A reader has many beautiful things, but also an ugly amount of debt.
How Can I Wipe Out 19k in Debt Without Selling My House
How can I wipe out 19,000 in debt without selling my house? A reader has many beautiful things but also an ugly amount of debt.
When people ask me for financial advice I usually recommend many things: Credit counseling, a debt settlement program, and yes sometimes even bankruptcy. But I also spend a lot of time warning people what not to do when people are drowning in debt. It’s like they’re literally drowning.
They’ll reach for anything they think will help them stay afloat. Unfortunately very bad people out there know this. They dangle too good to be true schemes that can actually get you in deeper debt. In Anita’s case the worst thing she can do is take out a loan against her house and use it to pay off her unsecured credit cards.
That’s because if she fails to pay back to the home loan she could lose her house, but if she fails to pay back the credit cards she won’t be homeless. Instead a debt management program, or even a settlement program will probably work best for her.
It takes a little longer but slow and steady not only wins the race but it wins your financial freedom for the future.
Question: My neighbors think I have money because I have the biggest house on the block. But actually, I owe $19,000 on my credit cards!
After my divorce, I got the house. I can easily pay the mortgage, but my problem is living expenses. I have a job as an office manager, but it barely pays my living expenses. The health insurance isn’t very good, and I have several prescriptions that cost me $220 a month. (I was in an accident several years ago, and now it’s led to a chronic illness.)
Do you have any advice? Please don’t tell me to sell the house, because the mortgage payments are actually less than what rent would cost me. (We bought the house in 1999, when property values weren’t so high in this area.)
I’m 67 years old and am worried about my future.
— Anita in Massachusetts
Howard Dvorkin answers…
You’re facing three of the four major causes of debt, Anita. Those are: divorce, natural disaster, illness, and accident. So first of all, I want you to take a moment and be proud of yourself. You’ve persevered, and now you’re seeking professional help. Those are two admirable traits.
Now let’s dive into your situation.
This wasn’t the first item on your list, but it’s the easiest to check off. You can likely save half on your prescriptions by using a free service called GoodRx. If that sounds too good to be true — and GoodRx insists the savings can reach 90 percent — it’s not.
The company was founded by some of Facebook’s original employees and is a deceptively simple business model: Crowdsource many prescription drug users, then negotiate with the drug companies for volume discounts. Read Debt.com’s report on GoodRx.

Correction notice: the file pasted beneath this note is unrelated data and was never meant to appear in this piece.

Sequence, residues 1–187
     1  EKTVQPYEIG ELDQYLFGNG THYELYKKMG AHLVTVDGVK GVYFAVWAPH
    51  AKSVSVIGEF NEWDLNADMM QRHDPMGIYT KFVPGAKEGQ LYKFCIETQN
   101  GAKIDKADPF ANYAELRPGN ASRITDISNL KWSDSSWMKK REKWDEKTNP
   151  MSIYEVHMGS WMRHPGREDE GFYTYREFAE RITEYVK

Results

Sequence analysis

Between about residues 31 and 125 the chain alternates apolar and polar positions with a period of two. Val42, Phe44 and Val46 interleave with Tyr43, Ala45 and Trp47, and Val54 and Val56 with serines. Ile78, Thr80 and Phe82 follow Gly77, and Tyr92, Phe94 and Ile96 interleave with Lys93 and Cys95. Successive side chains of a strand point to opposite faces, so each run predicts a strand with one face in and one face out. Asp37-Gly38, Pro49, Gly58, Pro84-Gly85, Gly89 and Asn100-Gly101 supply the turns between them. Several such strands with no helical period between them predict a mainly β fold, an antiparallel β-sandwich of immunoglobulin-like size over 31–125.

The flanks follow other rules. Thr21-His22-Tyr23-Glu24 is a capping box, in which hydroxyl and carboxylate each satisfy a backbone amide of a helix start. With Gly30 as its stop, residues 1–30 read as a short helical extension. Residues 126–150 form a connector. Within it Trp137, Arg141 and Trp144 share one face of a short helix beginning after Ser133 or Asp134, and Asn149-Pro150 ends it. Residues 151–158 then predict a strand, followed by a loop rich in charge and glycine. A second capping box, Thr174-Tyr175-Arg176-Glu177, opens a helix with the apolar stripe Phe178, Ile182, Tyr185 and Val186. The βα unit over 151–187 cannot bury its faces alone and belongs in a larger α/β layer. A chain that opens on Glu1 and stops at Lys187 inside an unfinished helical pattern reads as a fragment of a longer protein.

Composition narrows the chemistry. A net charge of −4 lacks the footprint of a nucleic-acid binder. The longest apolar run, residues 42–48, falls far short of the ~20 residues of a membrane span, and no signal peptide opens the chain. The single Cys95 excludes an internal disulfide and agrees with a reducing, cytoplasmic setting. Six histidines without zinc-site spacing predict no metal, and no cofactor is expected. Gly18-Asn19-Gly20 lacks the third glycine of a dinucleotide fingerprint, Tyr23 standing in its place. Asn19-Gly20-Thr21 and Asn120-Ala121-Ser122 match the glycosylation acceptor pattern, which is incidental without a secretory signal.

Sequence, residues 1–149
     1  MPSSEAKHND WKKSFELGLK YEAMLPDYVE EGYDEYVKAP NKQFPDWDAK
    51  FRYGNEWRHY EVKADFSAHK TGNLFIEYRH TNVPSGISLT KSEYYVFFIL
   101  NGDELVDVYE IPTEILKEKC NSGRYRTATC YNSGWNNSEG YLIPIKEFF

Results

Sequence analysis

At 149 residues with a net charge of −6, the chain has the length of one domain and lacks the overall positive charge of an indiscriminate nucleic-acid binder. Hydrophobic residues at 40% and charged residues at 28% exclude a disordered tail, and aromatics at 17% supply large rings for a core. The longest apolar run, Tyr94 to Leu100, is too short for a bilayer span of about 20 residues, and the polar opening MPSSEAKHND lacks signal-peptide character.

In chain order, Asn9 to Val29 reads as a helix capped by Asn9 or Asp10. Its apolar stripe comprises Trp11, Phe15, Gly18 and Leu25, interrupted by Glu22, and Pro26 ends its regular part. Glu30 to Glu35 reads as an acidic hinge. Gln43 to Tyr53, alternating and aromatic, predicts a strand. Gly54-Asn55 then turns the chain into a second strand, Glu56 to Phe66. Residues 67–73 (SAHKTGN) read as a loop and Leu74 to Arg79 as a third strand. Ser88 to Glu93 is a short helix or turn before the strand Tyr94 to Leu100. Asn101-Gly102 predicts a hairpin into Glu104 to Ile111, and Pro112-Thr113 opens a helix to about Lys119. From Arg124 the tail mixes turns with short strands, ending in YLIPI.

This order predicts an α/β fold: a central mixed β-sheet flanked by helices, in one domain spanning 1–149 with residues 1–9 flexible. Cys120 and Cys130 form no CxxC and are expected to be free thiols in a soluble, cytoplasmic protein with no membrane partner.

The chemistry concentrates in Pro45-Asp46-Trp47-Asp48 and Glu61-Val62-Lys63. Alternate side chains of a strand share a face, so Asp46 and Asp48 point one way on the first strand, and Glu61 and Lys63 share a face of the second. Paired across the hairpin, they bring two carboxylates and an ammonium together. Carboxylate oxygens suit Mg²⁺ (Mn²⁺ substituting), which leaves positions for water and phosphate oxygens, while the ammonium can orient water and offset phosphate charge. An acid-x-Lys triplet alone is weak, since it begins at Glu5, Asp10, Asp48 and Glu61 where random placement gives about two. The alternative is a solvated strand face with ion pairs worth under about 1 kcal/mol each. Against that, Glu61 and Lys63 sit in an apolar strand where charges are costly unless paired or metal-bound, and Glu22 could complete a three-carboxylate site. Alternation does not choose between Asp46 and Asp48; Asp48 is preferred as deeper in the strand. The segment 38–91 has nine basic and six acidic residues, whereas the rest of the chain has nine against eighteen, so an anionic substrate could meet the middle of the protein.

Credit card debt
The next easiest money problem to resolve is actually your biggest: that $19,000 in credit card debt. I can’t say for sure, but you might be a candidate for a debt management program. These programs can cut your monthly payments by up to 30 to 50 percent while avoiding fees.
Again, it might sound too good to be true, but DMPs (as they’re called) have been around for decades. I can’t tell you for certain if a DMP is right for you, because that requires a more detailed debt analysis. Thankfully, you can get one for free from a certified counselor at a nonprofit credit counseling agency. How do you find one? Debt.com can hook you up with one that’s A-plus rated by the Better Business Bureau.
What not to do
I believe these two steps might be enough, but I want to warn you against doing too much. If you ask less-reputable people for help, you might be told, “Take out a loan against your house and pay off all your debts!”
That’s a terrible idea.
The problem with that is that you effectively convert unsecured debt into secured debt. Credit cards are usually unsecured. As much as debt collectors may threaten, they can’t take your property without a court order. On the other hand, if you fall behind on your home equity loan payments, the lender will start a foreclosure action. If you don’t catch up, you can lose your home.
Explore GoodRx, call a credit counseling agency, and read Debt.com’s report, Money Management for Seniors. You can do all that in one day — and by tomorrow, you’ll be smiling.
Have a debt question?
Email your question to email@example.com and Howard Dvorkin will review it. Dvorkin is a CPA, chairman of Debt.com, and author of two personal finance books, Credit Hell: How to Dig Yourself Out of Debt and Power Up: Taking Charge of Your Financial Destiny.
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Article last modified on August 9, 2018 Published by Debt.com, LLC .